Thursday, June 27, 2002

Workers in the Big Island community of Ainaloa attached a gate to a post yesterday in preparation for closing a road linking Ainaloa to the adjoining Hawaiian Acres. Ainaloa officials closed the private road, saying increased traffic has caused accidents.

A road less traveled

A Big Island subdivision
gates a private road that
is used in emergencies

By Rod Thompson

AINALOA, Hawaii >> Despite pleas from Mayor Harry Kim, a Big Island community has closed an emergency road in the Puna District because of traffic hazards.

Officials of Ainaloa subdivision, 14 miles south of Hilo, placed a locked gate on their portion of the Puna Emergency Access Road yesterday.


Safety is their main concern, they said. Since the road opened in 1999, it has turned into a major shortcut for traffic between upper Puna and lower Puna, resulting in speeding, numerous accidents and deaths, they said.

Critics in neighboring Hawaiian Acres, where many people want the road open, say Ainaloa's stance is blackmail.

"They're basically blackmailing the county," said Sheldon Lehman, the volunteer fire chief in Hawaiian Acres, who wants the road open.

Kim said he is not sure what Ainaloa officials want, since their requests have varied.

Ainaloa board President William Coney says the main concern is safety, meaning preventing accidents. Liability, meaning fighting lawsuits, is secondary, he said.

But in a March letter to Kim, Coney listed as a "non-negotiable item" the county taking over the road to "cover all liability."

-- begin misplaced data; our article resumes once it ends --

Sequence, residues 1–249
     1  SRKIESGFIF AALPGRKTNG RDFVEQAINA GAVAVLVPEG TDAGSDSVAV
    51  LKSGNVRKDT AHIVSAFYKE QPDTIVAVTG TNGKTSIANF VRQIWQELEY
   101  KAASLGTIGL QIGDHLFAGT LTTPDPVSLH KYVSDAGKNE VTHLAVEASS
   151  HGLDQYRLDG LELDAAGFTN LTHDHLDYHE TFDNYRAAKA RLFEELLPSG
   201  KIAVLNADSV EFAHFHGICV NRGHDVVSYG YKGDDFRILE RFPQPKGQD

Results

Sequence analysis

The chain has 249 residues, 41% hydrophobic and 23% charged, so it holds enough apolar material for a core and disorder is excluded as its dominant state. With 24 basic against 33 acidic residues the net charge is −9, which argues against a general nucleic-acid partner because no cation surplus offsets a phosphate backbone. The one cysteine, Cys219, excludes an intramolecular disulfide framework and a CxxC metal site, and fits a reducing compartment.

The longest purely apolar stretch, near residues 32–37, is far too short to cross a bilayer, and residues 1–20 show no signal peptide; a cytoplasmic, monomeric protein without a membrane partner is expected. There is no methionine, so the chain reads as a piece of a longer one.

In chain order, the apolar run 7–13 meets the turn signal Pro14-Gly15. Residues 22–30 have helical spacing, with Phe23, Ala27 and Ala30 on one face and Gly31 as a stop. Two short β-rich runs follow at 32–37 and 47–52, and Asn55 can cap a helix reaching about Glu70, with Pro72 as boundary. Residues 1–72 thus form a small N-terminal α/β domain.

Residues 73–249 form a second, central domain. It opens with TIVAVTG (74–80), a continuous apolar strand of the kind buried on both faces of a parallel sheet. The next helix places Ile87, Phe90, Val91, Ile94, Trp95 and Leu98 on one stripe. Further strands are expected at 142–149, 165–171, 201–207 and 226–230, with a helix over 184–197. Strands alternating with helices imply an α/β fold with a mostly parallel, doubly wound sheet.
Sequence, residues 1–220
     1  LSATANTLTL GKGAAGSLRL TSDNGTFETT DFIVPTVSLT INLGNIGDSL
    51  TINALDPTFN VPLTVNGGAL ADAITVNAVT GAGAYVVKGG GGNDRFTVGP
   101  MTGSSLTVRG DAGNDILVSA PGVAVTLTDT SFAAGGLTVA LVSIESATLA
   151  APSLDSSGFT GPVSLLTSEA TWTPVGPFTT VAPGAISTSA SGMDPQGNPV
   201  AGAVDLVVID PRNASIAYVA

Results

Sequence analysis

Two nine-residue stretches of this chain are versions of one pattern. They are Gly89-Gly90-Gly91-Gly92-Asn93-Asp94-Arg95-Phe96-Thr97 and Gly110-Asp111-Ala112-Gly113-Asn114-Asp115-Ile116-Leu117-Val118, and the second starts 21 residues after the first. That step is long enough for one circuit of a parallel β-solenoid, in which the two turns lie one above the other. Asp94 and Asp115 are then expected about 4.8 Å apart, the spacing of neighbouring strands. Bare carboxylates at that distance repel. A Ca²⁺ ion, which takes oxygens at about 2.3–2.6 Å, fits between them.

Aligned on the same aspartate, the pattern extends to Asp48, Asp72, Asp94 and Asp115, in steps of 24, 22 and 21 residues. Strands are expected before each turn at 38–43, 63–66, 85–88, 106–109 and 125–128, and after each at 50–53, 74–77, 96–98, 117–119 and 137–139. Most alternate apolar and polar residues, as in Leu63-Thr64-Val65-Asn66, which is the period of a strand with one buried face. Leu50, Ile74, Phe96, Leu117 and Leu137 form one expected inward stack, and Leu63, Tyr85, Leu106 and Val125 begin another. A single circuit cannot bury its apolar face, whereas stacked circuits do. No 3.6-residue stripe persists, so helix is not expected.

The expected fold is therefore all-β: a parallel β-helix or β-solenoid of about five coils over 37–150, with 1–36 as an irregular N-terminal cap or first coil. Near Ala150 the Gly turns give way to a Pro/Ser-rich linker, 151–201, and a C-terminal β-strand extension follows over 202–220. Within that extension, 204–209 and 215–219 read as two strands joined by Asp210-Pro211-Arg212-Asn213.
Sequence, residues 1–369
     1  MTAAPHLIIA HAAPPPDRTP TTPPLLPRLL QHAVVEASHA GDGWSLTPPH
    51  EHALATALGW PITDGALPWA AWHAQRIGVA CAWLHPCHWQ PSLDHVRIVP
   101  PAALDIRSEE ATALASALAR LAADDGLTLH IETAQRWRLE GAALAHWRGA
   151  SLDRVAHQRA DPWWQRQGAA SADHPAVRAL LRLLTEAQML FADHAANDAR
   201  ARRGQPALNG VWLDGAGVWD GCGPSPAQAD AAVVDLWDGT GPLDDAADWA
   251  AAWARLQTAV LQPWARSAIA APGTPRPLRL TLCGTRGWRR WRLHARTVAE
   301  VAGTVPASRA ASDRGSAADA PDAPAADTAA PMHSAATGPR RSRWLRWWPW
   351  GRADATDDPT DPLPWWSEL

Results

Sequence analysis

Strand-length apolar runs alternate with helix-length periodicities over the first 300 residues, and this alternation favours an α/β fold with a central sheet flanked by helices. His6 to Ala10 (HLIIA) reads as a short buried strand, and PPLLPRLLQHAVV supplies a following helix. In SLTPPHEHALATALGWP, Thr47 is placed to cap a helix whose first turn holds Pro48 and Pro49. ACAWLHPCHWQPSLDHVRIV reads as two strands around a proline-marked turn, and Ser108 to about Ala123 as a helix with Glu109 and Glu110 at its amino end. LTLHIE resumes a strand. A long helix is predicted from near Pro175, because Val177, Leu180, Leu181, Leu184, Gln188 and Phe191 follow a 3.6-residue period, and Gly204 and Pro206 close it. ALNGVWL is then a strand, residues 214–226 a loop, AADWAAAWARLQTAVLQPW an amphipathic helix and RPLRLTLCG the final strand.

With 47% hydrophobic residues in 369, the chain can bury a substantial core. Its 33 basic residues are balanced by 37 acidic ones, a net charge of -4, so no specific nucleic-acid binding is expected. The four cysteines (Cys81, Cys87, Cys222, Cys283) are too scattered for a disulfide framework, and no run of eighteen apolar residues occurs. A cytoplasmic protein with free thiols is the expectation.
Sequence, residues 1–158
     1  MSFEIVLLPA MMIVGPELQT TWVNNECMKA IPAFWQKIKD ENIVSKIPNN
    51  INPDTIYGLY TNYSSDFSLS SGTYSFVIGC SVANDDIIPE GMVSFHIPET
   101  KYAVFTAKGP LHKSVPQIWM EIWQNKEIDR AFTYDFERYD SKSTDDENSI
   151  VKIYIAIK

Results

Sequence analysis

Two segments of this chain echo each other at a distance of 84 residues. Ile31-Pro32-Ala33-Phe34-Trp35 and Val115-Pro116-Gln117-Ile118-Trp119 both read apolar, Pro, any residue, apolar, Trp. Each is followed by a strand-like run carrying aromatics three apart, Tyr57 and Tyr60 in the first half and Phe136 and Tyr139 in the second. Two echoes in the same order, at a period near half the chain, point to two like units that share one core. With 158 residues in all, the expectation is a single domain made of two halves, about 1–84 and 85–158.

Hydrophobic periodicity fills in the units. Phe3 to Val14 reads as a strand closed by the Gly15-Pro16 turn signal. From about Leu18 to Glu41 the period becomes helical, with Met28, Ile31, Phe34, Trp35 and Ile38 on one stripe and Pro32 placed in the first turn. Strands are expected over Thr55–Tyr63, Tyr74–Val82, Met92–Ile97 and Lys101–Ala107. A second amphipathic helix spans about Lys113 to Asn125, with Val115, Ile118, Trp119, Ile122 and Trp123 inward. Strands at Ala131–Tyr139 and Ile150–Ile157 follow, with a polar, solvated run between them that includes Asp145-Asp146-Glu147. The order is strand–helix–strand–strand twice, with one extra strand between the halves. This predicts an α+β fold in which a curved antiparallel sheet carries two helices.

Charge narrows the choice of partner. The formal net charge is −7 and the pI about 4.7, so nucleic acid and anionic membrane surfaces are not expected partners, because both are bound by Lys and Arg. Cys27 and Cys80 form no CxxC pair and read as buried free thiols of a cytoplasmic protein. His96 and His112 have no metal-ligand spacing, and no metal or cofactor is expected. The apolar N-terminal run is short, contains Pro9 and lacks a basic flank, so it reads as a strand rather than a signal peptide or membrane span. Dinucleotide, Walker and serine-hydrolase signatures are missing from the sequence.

Kim was clear that he did not want the road closed. "Balancing all community interest leads us to conclude this road must remain open," Kim wrote to Coney.

Despite its public use, only a tiny part of the 10.5-mile route is publicly owned.

Ainaloa owns Ainaloa Boulevard, which now has a gate at its upper boundary.

Hawaiian Acres owns 8 Road and other roads that make up its portion of the emergency road.

Although more than $1 million of county and federal money went into creating the emergency route, the county owns only the one-third-mile link between subdivisions.

Ainaloa Road Committee Chairman Philip Brazier says former Mayor Stephen Yamashiro promised to take possession of Ainaloa Boulevard and improve it.

That did not happen, but Kim has offered again to take ownership, although warning that the county has no money for improvements.

Kim also noted in a letter to Coney, "There is tremendous public benefit to this open road."

The shortcut through Puna has meant a lot of traffic from upper Puna supporting businesses in Pahoa in lower Puna, said Ken Cutting, a member of the Hawaiian Acres Community Association board.

The road has served its emergency purpose six times when the main Keaau-Pahoa Highway was blocked by accidents or rain, Cutting said.

Coney said police, firefighters and ambulances will have keys to the Ainaloa gate, allowing continued emergency use.

Ainaloa officials say the gate will be closed to the general public for a "trial period" of three months while the county comes up with new proposals.

Hawaiian Acres Community Association President Russ Brauher says he does not think the closure will be permanent. "I think the county will succumb to the pressure," he said.

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